Bil’s rating (out of 5): BBBB.
United Kingdom/USA, 1996. British Film Institute, Independent Film Channel. Screenplay by Adam Simon. Cinematography by Caroline Champetier. Produced by Paula Jalfon, Colin MacCabe. Film Editing by William Diver.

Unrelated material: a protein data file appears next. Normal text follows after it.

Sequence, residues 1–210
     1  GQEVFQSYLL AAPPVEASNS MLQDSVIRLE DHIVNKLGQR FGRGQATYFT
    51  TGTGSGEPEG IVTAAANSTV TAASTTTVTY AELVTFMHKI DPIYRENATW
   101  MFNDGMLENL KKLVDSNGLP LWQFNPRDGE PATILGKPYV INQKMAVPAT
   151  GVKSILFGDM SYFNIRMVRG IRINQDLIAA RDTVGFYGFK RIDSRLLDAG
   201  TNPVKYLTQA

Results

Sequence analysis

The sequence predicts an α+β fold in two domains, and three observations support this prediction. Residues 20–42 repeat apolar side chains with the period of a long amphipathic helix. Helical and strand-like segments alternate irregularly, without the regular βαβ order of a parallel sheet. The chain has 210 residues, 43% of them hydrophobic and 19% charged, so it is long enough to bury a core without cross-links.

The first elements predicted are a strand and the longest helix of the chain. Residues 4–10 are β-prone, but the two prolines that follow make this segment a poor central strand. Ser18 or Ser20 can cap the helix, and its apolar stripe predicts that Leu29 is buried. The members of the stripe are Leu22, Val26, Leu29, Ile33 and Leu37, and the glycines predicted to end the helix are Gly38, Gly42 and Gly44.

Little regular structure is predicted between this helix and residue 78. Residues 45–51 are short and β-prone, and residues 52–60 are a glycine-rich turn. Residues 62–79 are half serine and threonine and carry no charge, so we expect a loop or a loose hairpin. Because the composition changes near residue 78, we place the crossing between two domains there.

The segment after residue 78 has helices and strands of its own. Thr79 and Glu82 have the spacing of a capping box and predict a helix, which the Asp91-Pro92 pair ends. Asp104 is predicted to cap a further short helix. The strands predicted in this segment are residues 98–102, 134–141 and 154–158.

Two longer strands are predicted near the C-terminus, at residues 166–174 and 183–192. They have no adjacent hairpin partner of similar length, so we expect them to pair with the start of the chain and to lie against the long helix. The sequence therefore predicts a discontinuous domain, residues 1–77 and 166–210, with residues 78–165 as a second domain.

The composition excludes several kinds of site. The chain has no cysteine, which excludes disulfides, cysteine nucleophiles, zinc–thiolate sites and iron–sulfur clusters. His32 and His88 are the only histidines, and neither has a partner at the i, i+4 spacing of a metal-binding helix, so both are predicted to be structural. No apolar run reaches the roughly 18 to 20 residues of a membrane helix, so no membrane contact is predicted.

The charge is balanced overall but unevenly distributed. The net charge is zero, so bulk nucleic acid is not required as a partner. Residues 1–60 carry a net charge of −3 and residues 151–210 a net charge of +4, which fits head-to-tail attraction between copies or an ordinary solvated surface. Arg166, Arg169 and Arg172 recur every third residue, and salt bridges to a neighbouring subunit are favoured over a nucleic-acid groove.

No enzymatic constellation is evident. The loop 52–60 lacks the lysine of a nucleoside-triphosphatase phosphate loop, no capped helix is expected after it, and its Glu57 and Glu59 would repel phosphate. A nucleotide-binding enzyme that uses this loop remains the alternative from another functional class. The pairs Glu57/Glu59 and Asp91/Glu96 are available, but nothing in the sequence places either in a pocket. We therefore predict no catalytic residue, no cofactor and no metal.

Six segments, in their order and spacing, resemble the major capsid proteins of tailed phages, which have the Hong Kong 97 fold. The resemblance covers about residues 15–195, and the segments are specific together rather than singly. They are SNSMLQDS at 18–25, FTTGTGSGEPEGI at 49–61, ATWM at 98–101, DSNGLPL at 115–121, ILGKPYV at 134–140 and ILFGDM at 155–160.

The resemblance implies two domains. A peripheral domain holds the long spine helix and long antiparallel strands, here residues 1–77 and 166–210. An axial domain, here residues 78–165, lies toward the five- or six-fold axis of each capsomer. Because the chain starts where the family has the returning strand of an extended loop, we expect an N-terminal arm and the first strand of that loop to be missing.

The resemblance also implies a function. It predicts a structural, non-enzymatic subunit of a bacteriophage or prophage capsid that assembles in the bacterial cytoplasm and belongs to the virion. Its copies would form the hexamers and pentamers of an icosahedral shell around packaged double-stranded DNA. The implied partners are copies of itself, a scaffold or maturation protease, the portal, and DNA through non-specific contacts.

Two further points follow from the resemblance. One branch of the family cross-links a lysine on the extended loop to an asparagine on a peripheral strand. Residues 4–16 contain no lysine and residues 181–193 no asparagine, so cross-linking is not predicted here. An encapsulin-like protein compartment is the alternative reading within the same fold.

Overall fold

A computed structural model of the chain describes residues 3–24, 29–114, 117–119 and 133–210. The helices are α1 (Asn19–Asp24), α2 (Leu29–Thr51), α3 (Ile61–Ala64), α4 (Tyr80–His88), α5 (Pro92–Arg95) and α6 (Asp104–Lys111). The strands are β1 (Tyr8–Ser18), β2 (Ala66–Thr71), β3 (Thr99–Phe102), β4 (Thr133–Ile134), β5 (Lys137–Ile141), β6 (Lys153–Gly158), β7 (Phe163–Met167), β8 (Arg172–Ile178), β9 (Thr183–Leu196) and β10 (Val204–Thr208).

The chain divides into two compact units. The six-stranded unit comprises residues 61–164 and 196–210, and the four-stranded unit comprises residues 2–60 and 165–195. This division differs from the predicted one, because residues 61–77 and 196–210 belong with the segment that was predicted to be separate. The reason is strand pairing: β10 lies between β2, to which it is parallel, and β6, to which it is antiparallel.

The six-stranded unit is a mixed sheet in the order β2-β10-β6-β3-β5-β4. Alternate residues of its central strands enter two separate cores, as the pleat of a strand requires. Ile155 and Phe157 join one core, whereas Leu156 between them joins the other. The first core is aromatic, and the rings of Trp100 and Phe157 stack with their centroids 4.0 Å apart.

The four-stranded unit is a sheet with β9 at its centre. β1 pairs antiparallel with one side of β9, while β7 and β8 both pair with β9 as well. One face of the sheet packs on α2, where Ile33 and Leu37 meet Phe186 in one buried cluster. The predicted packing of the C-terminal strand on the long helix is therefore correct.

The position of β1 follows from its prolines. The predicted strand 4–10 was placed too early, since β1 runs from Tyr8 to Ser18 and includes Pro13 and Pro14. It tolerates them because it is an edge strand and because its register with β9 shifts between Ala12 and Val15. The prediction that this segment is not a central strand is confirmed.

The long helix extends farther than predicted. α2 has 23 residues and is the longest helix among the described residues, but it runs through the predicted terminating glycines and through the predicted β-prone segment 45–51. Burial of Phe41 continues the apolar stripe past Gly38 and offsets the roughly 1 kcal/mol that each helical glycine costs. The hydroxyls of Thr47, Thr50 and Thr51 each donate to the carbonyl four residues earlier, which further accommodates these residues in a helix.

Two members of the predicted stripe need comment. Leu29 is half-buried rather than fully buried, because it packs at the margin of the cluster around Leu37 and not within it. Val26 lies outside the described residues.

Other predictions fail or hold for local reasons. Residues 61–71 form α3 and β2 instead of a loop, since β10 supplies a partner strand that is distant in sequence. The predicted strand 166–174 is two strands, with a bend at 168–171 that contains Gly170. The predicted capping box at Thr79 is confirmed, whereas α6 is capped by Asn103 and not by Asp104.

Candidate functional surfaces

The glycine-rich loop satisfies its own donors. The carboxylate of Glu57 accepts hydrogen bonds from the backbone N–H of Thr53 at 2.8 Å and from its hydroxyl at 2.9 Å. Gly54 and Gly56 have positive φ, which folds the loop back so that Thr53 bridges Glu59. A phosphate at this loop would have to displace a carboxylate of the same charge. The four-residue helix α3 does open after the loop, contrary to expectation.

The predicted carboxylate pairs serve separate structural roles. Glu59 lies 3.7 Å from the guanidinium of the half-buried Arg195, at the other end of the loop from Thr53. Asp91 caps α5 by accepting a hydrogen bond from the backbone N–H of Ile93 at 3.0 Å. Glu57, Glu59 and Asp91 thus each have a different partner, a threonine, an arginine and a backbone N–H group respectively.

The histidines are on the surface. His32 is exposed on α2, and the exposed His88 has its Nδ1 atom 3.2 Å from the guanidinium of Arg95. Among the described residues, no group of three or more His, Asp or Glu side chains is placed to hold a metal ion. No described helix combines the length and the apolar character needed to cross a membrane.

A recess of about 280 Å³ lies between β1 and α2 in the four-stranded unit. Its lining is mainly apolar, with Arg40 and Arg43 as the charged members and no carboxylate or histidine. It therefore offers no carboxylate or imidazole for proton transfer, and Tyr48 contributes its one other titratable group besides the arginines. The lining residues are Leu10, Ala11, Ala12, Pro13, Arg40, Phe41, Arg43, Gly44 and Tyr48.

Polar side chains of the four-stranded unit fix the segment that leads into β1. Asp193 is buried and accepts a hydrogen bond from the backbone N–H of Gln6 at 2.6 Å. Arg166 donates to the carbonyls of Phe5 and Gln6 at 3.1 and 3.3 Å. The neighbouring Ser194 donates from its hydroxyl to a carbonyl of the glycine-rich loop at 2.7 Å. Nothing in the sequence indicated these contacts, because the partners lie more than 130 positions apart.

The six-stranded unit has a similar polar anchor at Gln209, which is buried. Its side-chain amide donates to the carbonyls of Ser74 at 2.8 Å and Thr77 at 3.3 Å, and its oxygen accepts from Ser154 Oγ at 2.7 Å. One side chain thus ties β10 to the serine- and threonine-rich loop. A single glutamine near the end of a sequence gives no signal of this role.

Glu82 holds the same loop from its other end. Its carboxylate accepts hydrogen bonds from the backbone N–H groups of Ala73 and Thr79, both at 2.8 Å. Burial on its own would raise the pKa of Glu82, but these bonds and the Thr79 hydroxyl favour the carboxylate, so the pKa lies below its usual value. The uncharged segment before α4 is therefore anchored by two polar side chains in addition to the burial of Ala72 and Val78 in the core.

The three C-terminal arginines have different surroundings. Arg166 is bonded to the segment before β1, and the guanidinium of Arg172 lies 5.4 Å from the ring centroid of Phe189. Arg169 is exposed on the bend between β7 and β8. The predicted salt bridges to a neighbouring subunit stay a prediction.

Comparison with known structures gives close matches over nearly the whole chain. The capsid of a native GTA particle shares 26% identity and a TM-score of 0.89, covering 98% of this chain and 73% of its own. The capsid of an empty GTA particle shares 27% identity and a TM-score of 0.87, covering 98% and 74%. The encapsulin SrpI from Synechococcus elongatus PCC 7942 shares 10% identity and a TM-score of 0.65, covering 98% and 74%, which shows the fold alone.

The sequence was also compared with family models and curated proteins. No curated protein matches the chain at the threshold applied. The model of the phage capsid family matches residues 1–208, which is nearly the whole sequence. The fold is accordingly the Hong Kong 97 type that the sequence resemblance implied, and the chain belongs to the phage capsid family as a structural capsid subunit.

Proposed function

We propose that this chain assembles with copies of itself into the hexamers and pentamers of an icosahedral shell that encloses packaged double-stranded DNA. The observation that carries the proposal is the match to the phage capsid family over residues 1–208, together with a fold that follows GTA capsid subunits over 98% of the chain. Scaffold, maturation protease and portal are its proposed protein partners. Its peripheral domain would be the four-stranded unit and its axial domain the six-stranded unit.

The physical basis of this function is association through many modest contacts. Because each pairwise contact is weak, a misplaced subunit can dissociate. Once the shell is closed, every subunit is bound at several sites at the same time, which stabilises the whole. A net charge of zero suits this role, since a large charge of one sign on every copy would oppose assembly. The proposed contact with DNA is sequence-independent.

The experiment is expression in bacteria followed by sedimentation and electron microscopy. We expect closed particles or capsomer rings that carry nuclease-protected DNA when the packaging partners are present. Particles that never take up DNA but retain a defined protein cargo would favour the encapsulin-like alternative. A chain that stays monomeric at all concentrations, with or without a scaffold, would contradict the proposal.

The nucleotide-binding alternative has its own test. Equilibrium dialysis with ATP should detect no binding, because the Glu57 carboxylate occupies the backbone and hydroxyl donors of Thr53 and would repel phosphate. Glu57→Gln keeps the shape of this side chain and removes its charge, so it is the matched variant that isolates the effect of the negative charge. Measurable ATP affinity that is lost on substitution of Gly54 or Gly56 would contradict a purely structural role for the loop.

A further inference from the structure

Adam Simon teams up with Tim Robbins to investigate the life and work of the great Samuel Fuller, a landmark American filmmaker who has never quite found a home in the popular cultural memory of classic Hollywood. Fuller was a newspaper man who served in World War II before turning his sights to directing, his brutal and fearless narratives reflecting the years he spent amid the sharp edges of journalism and the much darker realities of combat and battle. Many of his films reflect his time in the war directly (The Steel Helmet, Merrill’s Marauders), while others, like Pickup On South Street, have an exacting harshness that seeks to clear up people’s ridiculous misconceptions of the softened presentation of violence that they’re so fond of in their glamorous movies. Robbins speaks to Quentin Tarantino, Martin Scorsese and Jim Jarmusch as they provide detailed explanations of what makes Fuller’s work so impressive and vital while being equally enthusiastic about their love for his fantastic films. Most wonderful, though, is the man himself, here filmed about a year before his passing, still the rebellious icon chomping on his cigars and giving the bottom line without compromise. Fuller spent his last years in Paris, disappointed with the reaction to his disturbing and dark White Dog (which was unreleased in North America for a very long time), and in danger of being forgotten if it were not for a documentary like this preceding his appreciation through efforts like those of the Criterion Collection.